ANCHORAGE - The Alaska Supreme Court on Thursday rejected the state's redistricting map and sent it back to the state Redistricting Board to be reworked, including a House district in Southeast.
The map, which was approved by the five-member board last June, faced nine legal challenges. Plaintiffs included individuals, as well as the Republican Party, the cities of Anchorage, Valdez, Wasilla, Cordova and Craig, and the Aleutians East and the Lake and Peninsula boroughs.
"We obviously feel we have been vindicated," said plaintiffs' lawyer Michael White. "We are very happy with the Supreme Court. We felt that these were the points we were making all along."
Board lawyer Philip R. Volland was unavailable for comment.
Plaintiffs had complained that the 40-district map failed to satisfy state constitutional requirements that districts be compact, of equal population and socially and economically integrated.
Republicans also complained the map was blatantly partisan
because it pitted 20 Republican incumbents against each other in the 2002 election.
The Supreme Court found more wrong with the map than the lower court had earlier this year. Candidates are facing a June 1 filing deadline.
Superior Court Judge Mark Rindner had ruled that House District 16 in Chugiak failed to meet state constitutional requirements because it was not compact. He also ruled that House District 12, which includes part of the Matanuska-Susitna Borough and all of the Denali Borough, did not have enough in common socially and economically. But he rejected all other challenges to the plan.
The Supreme Court justices went much further. They agreed that House District 16 is not compact. They also found that House District 5 in Southeast Alaska is not compact.
House District 5 would stretch from southern Southeast to some communities in Prince William Sound, while dividing Prince of Wales Island between two house districts.
The court ordered the board to either correct the compactness problem of House District 5, or find that its configuration is necessary under the federal Voting Rights Act because it preserves political representation of Alaska Natives.
The judges also found that House District 12, which includes part of the Matanuska-Susitna Borough and all of the Denali Borough, needs review, as does House District 32, which paired south Anchorage with Valdez.
"House District 16 contains a bizarrely-shaped appendage in the southwestern portion of the district. The inclusion of this appendage is unnecessary," the justices said.
In one of the most contentious issues the board faced, the justices disagreed with how it dealt with the Matanuska-Susitna Borough, Anchorage and Valdez.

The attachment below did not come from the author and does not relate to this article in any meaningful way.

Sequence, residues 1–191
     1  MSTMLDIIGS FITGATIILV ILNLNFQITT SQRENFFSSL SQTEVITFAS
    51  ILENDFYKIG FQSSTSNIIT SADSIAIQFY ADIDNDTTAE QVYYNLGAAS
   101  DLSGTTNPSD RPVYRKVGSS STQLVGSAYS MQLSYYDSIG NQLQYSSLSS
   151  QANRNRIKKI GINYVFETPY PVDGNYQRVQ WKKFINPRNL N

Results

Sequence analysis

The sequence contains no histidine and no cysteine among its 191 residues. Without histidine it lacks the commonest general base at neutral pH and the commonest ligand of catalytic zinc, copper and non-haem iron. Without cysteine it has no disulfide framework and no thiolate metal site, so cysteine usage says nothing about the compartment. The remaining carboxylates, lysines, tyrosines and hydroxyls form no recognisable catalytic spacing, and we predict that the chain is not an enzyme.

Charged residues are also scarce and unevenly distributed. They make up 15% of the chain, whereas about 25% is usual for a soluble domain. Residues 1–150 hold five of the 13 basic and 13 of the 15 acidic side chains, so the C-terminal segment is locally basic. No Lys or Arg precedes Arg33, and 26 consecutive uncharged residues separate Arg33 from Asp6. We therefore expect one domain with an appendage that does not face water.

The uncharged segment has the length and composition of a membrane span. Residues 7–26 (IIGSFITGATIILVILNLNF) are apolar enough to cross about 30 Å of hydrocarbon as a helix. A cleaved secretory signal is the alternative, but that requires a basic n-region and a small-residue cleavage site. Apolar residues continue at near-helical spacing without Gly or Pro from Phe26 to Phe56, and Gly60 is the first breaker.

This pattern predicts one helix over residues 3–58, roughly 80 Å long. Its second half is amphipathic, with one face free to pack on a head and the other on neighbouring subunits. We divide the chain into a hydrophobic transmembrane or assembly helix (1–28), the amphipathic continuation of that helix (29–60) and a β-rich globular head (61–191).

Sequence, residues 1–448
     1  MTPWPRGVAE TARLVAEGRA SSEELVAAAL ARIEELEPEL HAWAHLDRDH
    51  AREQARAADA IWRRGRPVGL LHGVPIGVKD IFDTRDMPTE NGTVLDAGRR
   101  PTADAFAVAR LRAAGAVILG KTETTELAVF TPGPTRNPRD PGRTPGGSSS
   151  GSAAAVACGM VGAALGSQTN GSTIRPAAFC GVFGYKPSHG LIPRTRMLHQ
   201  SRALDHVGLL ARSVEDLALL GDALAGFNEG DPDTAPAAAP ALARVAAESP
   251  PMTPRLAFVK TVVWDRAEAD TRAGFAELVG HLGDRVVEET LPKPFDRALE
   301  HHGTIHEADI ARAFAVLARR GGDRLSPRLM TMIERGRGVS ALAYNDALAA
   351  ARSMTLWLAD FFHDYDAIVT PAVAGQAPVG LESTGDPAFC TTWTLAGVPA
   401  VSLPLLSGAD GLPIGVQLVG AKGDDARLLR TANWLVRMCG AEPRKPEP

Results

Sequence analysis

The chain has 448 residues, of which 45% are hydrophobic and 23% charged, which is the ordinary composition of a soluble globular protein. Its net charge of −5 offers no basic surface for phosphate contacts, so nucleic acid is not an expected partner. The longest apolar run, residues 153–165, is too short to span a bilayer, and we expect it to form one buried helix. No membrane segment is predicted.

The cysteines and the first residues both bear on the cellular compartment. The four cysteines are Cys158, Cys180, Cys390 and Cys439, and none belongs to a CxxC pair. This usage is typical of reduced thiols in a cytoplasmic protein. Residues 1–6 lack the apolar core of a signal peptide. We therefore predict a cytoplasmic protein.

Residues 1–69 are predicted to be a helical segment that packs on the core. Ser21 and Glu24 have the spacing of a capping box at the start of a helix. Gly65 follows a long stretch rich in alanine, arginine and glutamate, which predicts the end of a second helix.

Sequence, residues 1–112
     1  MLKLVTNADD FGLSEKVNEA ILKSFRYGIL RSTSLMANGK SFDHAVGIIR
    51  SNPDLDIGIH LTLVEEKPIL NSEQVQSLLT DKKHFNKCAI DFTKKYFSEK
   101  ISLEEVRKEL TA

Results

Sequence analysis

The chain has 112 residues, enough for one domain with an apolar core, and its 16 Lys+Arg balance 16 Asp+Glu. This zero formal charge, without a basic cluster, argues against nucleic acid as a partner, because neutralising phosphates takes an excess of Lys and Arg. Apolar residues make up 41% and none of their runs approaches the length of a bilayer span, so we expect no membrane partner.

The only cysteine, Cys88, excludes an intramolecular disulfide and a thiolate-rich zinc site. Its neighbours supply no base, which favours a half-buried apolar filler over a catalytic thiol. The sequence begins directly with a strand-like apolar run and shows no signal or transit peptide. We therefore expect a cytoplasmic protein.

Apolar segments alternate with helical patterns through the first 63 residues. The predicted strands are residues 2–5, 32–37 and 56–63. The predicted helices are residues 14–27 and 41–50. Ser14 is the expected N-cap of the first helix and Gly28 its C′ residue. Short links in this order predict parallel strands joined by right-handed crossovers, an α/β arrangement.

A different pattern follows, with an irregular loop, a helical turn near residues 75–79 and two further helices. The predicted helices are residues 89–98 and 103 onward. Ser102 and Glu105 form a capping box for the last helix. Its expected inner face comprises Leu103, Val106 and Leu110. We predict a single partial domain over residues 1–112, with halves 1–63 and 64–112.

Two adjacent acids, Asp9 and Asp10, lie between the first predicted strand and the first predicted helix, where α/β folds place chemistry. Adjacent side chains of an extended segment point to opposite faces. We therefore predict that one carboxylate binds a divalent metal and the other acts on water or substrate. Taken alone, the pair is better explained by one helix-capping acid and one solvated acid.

The justices found that the board was mistaken in its understanding that it could not pair the borough and Anchorage in a single district. The board shied away from the pairing out of concerns that it would not give Anchorage and the borough all the House seats it was entitled to. That decision by the board was key to its pairing of south Anchorage with Valdez.
Plaintiffs had complained that south Anchorage and Valdez were not sufficiently integrated socially and economically.
The high court said the Delta Junction area needs to be reviewed because the districts encompassing the area need reconsideration.
The justices wrote, "On remand the board should take a hard look at alternatives, including constitutional alternatives that preserve socio-economically integrated areas."
But the Lake and Peninsula borough lost its argument with the high court.
Plaintiffs had said the borough was not socially and economically integrated. But the court found that the board had to draw population from either Lake and Peninsula Borough or the Kenai Peninsula Borough because the Kodiak Island Borough did not have enough population on its own to form House District 36.
Meanwhile, the Legislative Affairs Agency has stopped paying Volland's bills, saying the Redistricting Board's budget for legal expenses has run out. Volland's law partner, Scott Taylor, said the firm will continue to represent the board.
The board has asked the Legislature for funding through its supplemental budget process. But Sen. Dave Donley, who co-chairs the Senate Finance Committee, said it's unclear whether the Legislature will fund the extension.
The state has paid the law firm $635,000 so far, the maximum allowed under the firm's contract, state officials said. Since then, Volland and Taylor sent another bill of $167,000 for work performed through Feb. 20.
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